LONDON (AP) — British Prime Minister Theresa May on Thursday rejected a call from Scotland’s leader for a referendum on Scottish independence before Britain leaves the European Union.

May said “now is not the time” to reopen Scotland’s independence debate, though she did not rule out a referendum in the future. Britain is due to begin the two-year exit process from the 28-nation bloc by the end of this month.

The United Kingdom is made up of England, Scotland, Wales and Northern Ireland. The country as a whole decided in a June 23 referendum to leave the EU, but in that ballot Scots voted 62 to 38 percent to remain.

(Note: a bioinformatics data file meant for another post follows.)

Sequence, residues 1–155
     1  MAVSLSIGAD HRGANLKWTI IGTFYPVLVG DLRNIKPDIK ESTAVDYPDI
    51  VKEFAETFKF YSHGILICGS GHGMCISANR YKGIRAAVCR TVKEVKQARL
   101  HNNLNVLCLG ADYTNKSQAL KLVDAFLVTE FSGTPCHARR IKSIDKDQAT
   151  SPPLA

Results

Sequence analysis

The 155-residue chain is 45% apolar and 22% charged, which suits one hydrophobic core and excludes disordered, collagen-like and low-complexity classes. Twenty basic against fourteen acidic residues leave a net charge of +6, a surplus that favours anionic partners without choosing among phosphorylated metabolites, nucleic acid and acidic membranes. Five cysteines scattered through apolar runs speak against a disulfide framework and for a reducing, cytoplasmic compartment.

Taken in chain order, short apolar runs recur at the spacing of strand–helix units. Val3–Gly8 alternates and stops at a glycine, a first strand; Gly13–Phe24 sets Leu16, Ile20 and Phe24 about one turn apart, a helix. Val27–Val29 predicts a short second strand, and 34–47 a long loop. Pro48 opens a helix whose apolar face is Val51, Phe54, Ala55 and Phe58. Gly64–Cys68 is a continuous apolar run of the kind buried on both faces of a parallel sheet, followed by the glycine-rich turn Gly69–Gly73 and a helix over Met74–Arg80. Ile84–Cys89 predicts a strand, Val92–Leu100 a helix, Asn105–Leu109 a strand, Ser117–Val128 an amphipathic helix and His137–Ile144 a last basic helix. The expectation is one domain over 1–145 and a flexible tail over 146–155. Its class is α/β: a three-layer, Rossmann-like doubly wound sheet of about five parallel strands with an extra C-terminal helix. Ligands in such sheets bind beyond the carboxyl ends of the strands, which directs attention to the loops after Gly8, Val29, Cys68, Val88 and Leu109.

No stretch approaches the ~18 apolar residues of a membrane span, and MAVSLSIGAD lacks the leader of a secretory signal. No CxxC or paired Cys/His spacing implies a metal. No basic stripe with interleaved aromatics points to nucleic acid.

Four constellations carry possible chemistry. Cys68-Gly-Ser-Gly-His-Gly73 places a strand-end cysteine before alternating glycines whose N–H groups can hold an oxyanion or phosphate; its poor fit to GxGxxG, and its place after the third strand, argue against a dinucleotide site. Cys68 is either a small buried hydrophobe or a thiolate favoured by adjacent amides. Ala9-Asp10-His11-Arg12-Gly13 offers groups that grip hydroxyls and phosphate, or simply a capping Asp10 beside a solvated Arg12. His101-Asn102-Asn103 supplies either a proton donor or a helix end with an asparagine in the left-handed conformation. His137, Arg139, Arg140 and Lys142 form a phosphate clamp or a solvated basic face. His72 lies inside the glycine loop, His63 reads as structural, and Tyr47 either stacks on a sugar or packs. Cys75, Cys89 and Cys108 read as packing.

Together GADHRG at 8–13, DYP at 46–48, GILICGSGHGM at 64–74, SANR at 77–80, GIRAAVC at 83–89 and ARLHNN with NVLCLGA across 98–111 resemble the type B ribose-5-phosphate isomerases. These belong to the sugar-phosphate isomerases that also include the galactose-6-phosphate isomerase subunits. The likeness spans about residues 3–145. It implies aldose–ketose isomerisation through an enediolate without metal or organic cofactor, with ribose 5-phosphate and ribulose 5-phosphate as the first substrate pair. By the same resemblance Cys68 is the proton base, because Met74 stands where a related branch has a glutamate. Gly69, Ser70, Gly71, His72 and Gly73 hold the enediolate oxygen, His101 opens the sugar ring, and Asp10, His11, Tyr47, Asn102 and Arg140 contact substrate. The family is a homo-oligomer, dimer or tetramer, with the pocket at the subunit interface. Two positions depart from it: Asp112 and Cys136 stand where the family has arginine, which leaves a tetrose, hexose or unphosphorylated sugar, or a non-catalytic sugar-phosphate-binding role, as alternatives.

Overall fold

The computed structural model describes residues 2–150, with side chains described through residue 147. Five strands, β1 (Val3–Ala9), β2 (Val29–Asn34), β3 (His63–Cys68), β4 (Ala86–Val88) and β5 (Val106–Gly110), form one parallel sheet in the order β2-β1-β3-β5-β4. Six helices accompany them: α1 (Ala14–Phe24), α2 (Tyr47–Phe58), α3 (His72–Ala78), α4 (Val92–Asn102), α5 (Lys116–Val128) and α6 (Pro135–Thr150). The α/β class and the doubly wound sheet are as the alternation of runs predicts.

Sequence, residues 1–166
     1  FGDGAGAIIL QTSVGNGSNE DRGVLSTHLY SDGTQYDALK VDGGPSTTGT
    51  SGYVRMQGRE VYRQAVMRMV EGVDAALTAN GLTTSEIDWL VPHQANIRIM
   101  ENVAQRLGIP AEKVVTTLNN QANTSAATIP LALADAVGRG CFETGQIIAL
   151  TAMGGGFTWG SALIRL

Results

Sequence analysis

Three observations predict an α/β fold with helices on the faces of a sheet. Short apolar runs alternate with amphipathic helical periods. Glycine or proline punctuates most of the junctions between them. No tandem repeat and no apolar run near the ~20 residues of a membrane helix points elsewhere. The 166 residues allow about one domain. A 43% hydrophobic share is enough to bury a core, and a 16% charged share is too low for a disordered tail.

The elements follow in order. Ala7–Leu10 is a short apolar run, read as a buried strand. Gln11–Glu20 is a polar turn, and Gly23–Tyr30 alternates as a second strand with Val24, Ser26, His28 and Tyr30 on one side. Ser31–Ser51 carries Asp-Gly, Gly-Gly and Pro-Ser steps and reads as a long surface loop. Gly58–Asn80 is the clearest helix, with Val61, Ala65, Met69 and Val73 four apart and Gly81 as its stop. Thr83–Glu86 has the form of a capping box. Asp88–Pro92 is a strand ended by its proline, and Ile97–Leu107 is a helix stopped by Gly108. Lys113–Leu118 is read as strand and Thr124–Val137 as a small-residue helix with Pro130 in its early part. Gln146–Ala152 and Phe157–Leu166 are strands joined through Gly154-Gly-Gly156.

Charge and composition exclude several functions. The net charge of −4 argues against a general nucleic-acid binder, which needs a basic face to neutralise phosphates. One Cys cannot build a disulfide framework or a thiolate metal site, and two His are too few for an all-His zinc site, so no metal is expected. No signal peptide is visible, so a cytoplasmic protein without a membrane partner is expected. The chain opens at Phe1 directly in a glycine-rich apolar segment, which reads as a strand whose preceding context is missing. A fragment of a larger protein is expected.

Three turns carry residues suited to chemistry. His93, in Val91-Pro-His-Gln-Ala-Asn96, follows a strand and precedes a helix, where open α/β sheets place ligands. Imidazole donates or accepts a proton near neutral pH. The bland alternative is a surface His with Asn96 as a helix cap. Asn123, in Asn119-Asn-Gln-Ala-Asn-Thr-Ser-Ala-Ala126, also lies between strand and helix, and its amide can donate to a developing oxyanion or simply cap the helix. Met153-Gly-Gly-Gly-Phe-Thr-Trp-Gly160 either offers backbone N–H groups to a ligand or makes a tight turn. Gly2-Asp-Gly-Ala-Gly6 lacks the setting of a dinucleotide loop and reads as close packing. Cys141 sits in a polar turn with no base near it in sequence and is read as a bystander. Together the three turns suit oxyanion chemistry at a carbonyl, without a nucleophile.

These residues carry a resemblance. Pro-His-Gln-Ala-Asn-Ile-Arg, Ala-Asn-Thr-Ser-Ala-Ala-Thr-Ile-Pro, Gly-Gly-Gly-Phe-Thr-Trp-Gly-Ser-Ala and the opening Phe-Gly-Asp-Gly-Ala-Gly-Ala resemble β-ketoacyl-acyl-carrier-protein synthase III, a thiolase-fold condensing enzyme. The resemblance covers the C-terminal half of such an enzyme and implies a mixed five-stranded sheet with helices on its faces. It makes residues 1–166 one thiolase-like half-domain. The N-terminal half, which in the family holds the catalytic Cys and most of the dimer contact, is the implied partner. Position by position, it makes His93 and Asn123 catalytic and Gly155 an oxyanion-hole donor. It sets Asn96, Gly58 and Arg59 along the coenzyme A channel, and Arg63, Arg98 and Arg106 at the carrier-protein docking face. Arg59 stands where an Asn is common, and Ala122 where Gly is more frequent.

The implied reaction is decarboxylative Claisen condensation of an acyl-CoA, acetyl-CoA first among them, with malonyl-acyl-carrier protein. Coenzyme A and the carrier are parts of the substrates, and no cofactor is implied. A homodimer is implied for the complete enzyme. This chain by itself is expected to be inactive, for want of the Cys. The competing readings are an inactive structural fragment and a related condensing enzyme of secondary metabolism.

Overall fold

Scottish First Minister Nicola Sturgeon announced earlier this week that she will seek a referendum on Scottish independence between the fall of 2018 and spring 2019, so voters can decide whether to leave the EU with the rest of the United Kingdom or to go it alone.

The British government must agree to a legally binding referendum and May said “now is not the time.”

“All our energies should be focused on our negotiations with the European Union,” May said, adding that holding a referendum while EU exit talks are still underway would “make it more difficult for us to get the right deal for Scotland and the right deal for the U.K.”

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